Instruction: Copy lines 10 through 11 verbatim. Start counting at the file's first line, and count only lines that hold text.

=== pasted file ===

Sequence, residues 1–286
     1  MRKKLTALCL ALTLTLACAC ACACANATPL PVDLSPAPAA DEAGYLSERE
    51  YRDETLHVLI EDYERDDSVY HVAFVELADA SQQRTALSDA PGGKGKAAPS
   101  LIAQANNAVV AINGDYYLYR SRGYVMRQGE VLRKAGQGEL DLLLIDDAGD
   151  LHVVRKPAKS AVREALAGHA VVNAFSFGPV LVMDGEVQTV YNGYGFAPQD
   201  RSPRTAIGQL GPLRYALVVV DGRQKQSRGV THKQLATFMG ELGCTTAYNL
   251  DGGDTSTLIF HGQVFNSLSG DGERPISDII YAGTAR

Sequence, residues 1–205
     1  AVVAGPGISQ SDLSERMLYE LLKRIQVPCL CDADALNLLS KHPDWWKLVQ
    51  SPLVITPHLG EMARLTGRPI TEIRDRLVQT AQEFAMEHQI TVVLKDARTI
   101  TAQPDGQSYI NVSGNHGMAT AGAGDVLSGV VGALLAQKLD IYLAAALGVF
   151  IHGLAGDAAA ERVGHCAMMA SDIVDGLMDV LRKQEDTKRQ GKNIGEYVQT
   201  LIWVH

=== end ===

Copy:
    51  SPLVITPHLG EMARLTGRPI TEIRDRLVQT AQEFAMEHQI TVVLKDARTI
   101  TAQPDGQSYI NVSGNHGMAT AGAGDVLSGV VGALLAQKLD IYLAAALGVF